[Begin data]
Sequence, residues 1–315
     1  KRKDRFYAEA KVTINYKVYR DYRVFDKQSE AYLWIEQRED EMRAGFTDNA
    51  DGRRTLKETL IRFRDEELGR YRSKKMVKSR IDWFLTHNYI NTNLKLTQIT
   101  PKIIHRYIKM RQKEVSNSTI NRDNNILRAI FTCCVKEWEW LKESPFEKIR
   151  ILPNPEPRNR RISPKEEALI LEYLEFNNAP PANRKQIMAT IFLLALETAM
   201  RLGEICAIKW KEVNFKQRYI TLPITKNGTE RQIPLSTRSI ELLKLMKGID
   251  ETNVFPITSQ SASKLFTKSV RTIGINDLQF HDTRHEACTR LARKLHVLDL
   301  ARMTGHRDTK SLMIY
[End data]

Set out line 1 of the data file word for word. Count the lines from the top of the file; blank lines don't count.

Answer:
Sequence, residues 1–315